An Air Force pilot died after an F-5E fighter jet crashed in central South Korea on Tuesday, the military said. The aircraft crashed into a mountain in Hwaseong, Gyeonggi Province, at 1:46 p.m., minutes after taking off from an Air Force base in Suwon, south of Seoul, they added.
“An engine fire warning light turned on for the plane’s left and right sides after the takeoff at a Suwon base at 1:44 p.m., and the plane shortly nosedived,” the Air Force said in a statement.
The pilot with the rank of captain tried to eject but failed, it added. The cause of the accident was not immediately known. South Korea has been operating around 200 F-5s since the 1970s, most of which are out of service or soon to be so after reaching a full life cycle.
The same type of jet had crashed into a mountain in central South Korea in 2013 during flight training due to poor maintenance.
Tuesday’s plane crash is the latest incident involving the Air Force’s jets. Last week, an F-35A fighter made an emergency landing in Seosan, 150 kilometers south of Seoul, during a training session.
F-5E fighter jet
The F-5 is developed by Northrop Grumman as a lightweight supersonic fighter that is cheap to procure and maintain. The F-5’s initial flight took place on July 31, 1963, at Edwards Air Force Base, California.
The F-5A/B has a Mach 1.4 supersonic speed, a service ceiling of 50,000 feet, and a combat radius of 989 kilometers. It can carry up to 1,996 kg of bombs, rockets, air-to-air missiles, and fuel tanks, and is outfitted with two M39 20mm cannons each with 140 rounds. There are two main variants, the original F-5A/B and the heavily upgraded F-5E/F Tiger II variants.
During air-to-ground and air-to-air missions, the aircraft is designed to provide considerable adaptability and dominance. It was manufactured with only 30% of the gross weight of the F-4 fighter in mind. The fuselage section was lengthened and widened to handle the powerful J85 engine and additional fuel.
Upon passing its initial operational test, the F-5A/B received a few upgrades, including an air-to-air refueling probe and 90kg of the cockpit and engine armor.
In July 1965, under Project Skoshi Tiger (‘Little’ Tiger in Japanese), the modified F-5s were labeled as F-5C/D and dispatched to South Vietnam for combat assessment. Thousands of Close Air Support (CAS) sorties were carried out during the F-5’s combat assessment period.
The aircraft was exported extensively to many countries including Turkey, Greece, Iran, Taiwan, South Korea, Thailand, Norway, Spain, and Canada. Moreover, It was also manufactured under license in Canada, the Republic of China, the Republic of Korea, Spain and Switzerland.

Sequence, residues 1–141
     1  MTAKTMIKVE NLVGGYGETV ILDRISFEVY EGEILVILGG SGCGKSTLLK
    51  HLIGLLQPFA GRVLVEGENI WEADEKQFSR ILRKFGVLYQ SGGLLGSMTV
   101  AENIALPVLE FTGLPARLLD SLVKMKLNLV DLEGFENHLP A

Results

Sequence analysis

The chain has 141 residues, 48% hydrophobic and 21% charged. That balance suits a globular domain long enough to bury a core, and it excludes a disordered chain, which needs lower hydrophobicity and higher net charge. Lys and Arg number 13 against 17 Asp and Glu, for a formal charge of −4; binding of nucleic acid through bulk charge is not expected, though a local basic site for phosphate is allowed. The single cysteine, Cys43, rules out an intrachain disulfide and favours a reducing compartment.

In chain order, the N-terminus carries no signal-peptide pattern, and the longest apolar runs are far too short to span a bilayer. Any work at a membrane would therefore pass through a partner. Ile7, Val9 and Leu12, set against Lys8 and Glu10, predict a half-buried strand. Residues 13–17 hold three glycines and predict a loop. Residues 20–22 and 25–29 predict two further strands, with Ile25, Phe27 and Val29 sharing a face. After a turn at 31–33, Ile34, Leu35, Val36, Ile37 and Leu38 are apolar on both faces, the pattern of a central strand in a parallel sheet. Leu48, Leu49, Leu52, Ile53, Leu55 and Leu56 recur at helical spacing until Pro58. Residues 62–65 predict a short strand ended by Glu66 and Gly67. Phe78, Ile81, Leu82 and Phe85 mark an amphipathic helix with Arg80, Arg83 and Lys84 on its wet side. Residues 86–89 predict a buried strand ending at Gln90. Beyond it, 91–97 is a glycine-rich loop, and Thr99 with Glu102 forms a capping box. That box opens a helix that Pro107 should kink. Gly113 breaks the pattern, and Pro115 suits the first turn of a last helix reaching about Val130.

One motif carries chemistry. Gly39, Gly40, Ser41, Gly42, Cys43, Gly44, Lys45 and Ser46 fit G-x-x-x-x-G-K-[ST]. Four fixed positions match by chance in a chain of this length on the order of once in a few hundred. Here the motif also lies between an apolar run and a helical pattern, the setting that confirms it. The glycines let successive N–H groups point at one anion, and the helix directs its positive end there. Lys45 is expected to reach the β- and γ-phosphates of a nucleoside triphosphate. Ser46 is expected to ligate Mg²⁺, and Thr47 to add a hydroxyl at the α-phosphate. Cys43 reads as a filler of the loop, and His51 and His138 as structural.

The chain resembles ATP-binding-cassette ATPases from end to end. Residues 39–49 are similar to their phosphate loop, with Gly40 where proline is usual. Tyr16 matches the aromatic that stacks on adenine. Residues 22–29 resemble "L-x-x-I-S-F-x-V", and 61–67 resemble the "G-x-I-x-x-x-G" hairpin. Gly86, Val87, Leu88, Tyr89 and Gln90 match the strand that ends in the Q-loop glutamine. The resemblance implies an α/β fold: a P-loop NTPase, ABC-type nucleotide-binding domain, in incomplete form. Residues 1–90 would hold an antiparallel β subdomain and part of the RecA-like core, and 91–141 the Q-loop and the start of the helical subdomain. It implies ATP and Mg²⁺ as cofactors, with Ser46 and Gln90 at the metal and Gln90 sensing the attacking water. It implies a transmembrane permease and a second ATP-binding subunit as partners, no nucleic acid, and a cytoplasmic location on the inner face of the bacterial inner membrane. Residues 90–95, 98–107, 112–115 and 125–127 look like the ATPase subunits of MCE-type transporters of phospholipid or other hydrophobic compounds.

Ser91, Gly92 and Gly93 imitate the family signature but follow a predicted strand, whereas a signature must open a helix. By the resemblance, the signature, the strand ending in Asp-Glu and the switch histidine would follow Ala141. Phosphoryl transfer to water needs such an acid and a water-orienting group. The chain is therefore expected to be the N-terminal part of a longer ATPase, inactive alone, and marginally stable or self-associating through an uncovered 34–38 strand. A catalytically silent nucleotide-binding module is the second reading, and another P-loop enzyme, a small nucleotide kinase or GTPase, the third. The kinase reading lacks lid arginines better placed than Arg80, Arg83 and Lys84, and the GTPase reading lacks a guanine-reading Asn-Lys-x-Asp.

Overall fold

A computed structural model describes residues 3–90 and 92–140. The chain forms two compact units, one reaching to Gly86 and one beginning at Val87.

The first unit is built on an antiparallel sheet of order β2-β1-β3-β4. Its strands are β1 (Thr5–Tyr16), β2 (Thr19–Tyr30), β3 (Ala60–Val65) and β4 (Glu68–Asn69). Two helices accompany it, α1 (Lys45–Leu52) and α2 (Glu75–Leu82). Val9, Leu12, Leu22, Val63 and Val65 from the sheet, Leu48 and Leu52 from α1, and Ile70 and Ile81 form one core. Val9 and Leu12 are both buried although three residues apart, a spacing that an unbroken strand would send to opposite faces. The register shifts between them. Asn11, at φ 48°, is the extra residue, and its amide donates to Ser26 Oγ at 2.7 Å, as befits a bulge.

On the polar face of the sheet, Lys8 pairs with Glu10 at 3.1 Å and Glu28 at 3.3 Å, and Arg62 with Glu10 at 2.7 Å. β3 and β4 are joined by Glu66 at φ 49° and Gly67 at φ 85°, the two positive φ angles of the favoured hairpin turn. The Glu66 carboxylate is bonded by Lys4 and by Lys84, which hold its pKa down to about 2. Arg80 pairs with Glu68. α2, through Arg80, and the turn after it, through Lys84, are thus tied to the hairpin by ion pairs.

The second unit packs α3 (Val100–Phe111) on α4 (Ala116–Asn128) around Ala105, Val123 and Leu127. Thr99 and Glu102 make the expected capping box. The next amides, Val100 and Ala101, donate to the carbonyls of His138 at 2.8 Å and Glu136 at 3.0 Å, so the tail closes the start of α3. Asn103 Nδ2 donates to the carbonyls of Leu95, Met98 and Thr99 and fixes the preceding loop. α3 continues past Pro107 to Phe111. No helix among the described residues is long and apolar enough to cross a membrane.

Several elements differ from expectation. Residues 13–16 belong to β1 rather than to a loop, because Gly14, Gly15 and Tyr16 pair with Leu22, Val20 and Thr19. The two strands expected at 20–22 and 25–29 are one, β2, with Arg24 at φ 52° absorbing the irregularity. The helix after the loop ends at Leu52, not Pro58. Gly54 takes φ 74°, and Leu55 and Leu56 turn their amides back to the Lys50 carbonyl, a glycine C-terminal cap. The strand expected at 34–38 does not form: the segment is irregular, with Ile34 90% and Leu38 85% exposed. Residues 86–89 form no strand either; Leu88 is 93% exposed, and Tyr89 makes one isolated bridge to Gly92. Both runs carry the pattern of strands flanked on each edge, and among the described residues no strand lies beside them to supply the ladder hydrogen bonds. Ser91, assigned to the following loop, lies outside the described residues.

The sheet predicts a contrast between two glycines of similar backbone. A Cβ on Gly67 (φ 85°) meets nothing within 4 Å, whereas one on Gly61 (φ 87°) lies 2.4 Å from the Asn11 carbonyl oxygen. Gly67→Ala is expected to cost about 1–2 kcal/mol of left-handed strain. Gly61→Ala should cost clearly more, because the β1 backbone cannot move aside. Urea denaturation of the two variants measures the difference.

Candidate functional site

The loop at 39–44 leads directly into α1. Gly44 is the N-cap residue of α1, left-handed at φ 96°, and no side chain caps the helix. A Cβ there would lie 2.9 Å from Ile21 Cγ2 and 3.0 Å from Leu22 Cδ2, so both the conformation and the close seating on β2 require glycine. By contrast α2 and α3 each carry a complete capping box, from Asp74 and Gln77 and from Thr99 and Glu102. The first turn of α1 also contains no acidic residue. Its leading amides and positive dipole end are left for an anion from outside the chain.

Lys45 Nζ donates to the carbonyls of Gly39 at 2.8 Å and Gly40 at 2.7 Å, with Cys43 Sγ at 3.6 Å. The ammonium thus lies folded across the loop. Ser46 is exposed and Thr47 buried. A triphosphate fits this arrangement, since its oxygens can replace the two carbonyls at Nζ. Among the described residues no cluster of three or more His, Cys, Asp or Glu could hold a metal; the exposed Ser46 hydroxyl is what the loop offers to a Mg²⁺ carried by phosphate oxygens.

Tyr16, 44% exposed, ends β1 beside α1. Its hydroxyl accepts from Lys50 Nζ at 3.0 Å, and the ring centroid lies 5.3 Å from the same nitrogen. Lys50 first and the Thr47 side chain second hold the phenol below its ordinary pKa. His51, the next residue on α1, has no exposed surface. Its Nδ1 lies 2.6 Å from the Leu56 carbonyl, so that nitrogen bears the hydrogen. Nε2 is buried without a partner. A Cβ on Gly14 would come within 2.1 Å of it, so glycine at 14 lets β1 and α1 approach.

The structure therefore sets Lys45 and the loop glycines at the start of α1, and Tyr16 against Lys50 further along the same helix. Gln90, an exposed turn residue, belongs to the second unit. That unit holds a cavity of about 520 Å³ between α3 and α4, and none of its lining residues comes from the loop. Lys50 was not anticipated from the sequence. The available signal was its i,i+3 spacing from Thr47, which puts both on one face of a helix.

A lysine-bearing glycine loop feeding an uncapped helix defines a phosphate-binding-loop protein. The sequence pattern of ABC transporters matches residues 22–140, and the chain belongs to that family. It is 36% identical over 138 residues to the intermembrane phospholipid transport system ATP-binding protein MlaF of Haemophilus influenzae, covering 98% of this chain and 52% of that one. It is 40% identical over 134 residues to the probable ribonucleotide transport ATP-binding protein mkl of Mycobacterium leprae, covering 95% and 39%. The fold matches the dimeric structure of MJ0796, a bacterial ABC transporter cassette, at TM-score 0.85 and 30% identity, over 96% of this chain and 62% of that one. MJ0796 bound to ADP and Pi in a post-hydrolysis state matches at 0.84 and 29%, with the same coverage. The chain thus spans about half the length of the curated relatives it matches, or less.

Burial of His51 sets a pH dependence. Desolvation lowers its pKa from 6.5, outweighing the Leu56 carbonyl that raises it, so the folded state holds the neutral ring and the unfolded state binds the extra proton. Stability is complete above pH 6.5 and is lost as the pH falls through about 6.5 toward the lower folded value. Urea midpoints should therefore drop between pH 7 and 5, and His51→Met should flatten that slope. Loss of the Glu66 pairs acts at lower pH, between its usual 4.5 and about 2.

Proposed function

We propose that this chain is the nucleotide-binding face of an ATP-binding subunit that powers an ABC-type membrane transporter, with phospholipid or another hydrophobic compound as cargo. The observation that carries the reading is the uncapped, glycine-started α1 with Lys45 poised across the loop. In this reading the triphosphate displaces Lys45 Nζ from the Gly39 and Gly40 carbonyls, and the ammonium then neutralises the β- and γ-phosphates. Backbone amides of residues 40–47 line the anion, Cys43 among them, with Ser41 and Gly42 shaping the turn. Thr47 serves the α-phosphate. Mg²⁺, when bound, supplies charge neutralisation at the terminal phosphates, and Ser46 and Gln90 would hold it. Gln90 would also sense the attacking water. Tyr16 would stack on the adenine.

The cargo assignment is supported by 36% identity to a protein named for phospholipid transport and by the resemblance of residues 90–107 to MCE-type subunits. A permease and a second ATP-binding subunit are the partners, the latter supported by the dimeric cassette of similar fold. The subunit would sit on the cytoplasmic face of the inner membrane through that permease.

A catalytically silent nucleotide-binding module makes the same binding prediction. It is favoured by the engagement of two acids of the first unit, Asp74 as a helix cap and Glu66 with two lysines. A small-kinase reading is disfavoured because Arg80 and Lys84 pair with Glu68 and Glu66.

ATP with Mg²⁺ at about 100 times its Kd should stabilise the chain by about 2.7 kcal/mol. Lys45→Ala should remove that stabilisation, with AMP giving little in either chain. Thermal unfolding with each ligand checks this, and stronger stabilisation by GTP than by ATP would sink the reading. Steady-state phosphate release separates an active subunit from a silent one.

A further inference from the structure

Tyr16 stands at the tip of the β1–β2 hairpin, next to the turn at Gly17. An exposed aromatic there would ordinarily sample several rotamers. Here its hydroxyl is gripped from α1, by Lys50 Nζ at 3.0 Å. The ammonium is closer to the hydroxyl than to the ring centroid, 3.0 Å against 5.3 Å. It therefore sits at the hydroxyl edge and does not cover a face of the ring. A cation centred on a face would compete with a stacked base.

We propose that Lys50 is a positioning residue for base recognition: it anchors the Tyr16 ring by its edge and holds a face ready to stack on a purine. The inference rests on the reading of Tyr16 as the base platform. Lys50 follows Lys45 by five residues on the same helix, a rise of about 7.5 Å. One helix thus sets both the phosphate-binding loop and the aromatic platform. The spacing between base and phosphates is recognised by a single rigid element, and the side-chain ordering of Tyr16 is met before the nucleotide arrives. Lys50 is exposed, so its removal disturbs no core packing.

The Freedom Fighter was developed further into a much-improved version known as the F-5E Tiger II which was produced in the mid-1970s. In comparison to the F-5A/Bs, the F-5E/F had a longer range, carried a slightly heavier payload, and had better air-to-air capabilities.
The RF-5E, a reconnaissance derivative of the Tiger II, was manufactured in small quantities. More than 2,600 F-5s were built before manufacturing ended in 1987. However, many nations are still using this aircraft including South Korea.
Some F-5s have been updated with modern armament systems and are now capable of deploying AIM-120 AMRAAM and/or AIM-9X Sidewinder missiles. The Republic of Korea Air Force procured F-5A/Bs in 1965, and F-5Es in August 1974.
The Korea Air Force opted in August 2010 to install enhanced ejection seats in the cockpits of its F-5 fleet to protect pilots during emergency landings.
The upgraded variant of the aircraft has a single-seat cockpit with a variety of electronic technologies, including automated flight control systems (AFCS), a head-up display (HUD), and other auxiliary gear. An inertial navigation system (INS), tactical air navigation (TACN) system, a global positioning system (GPS), electronic countermeasures (ECM), and hand on throttle and stick (HOTAS) system are among the avionics installed in the aircraft.
An AN/APQ-153 radar was first installed on the F-5 Tiger II. The Emerson AN/APQ-159 radar was incorporated in all upgraded models made thereafter. An air-to-air fire control radar system and a lead computing gunsight are included in the aircraft.
Two General Electric J85-GE-21B turbojet engines power the aircraft. After the burner, each engine can provide 22.2kN of thrust. The engine is primarily utilized for training and tactical reasons in commercial and military vehicles.